IAN Seminar Series 2014

The goal of the IAN seminar series is to provide concise, thought-provoking ideas relating to Chesapeake Bay science and management. Short presentations (15 minutes maximum length) are immediately followed by a lunchtime discussion of the topics raised by the presenter. The discussion is summarized and is posted along with a pdf version of the seminar slides. The seminars are captured on video and posted under a Creative Commons license so they can be freely shared.

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You are viewing 9 seminars from the database of 92 seminars. You can browse/search by year, and search terms to view other seminars.


DateSpeakerSeminarSeries
Mon 8
Dec
http://ian.umces.edu/seminarseries/
A view of stream habitat conditions in the Chesapeake Bay watershed through the eyes of brook trout. - Todd Petty () - IAN Seminar Series
2014-12-08T12:00:00-05:00 2014-12-08T13:00:00-05:00
Macknis Room, Chesapeake Bay Program Office, 410 Severn Avenue (Suite 109), Annapolis MD
A recent assessment of stream habitat conditions was used to construct a model f brook trout distributions throughout their native range in the Chesapeake Bay. Our approach uses very large datasets and machine learning statistics to quantify conditions at the stream segment level (64,000 stream segments) and accumulated conditions at the watershed scale. Through this assessment we are able to quantify current conditions, likely historic conditions in the absence of stress, and stream-to-stream level measures of stress associated with mining, agriculture, and urbanization. Model results are then integrated into a web-based GIS modeling tool that can be used for interactive visualization, conservation prioritization, and quantitative scenario analysis. When coupled with climate change predictions and large river species models, the brook trout will provide a powerful means for optimizing restoration actions that will produce measurable benefits to stream habitats and fish populations throughout the bay watershed.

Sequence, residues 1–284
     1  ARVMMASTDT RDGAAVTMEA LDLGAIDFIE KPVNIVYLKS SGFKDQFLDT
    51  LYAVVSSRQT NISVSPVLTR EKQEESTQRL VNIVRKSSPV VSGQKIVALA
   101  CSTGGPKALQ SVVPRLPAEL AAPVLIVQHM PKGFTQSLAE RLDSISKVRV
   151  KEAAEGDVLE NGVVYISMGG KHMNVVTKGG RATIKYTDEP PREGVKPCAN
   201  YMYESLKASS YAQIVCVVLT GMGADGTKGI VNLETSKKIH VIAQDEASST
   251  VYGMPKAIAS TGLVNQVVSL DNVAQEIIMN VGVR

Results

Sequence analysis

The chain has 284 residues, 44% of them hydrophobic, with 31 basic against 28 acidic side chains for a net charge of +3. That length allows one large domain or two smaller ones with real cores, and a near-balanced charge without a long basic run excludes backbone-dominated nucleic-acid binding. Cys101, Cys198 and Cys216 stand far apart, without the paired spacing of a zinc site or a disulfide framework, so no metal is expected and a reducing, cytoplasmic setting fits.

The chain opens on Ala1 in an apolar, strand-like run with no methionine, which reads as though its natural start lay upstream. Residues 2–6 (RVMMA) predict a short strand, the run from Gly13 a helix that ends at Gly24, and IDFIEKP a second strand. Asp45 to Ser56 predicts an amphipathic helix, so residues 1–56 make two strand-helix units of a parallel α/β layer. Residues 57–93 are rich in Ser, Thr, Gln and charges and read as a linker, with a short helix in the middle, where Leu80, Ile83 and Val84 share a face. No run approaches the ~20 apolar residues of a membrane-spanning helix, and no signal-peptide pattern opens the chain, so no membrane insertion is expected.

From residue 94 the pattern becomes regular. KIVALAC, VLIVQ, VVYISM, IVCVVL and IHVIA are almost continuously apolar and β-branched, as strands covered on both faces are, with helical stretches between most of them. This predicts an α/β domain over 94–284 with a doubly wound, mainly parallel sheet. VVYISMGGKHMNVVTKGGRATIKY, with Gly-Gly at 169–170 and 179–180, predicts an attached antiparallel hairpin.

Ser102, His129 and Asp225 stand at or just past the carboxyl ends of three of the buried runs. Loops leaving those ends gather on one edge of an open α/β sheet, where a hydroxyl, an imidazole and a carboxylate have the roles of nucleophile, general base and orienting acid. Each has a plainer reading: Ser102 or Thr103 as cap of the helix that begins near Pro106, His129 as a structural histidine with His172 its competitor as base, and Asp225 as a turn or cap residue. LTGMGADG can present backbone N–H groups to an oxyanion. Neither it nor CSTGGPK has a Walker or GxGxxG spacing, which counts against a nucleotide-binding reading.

Todd Petty

A view of stream habitat conditions in the Chesapeake Bay watershed through the eyes of brook trout. Permanent Link

Science for Citizens
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Mon 3
Nov
http://ian.umces.edu/seminarseries/
Choptank Complex Habitat Focus Area - Bruce Vogt () - IAN Seminar Series
2014-11-03T12:00:00-05:00 2014-11-03T13:00:00-05:00
Macknis Room, Chesapeake Bay Program Office, 410 Severn Avenue (Suite 109), Annapolis MD
The Delmarva/Choptank River Complex, which includes the Choptank and Little Choptank Rivers, is located on Maryland\'s Eastern Shore. This area is a treasured part of the Chesapeake Bay ecosystem, representing critical habitat for spawning striped bass and river herring, as well as historically abundant oyster reefs. Residents of the watershed, including many families who have lived there for multiple generations, have traditionally been employed in agriculture or commercial fishing. But time are changing in the region. Continued human population growth and land development threaten key habitats for fish and aquatic resources. The historical loss of wetlands in the upper Choptank River subwatershed is estimated to be 47,400 acres, approximately 11% of the total watershed area. Climate change and sea level rise, combined with land subsidence, further threaten losses of nearshore marshes and coastal environments. While the rivers and Bay have supported major annual seafood harvests in previous years, fishery resources are at risk. By designing the Choptank Complex as a Habitat Focus Area, NOAA will concentrate agency resources and leverage the many activities already under way in this watershed to improve and sustain ecological health.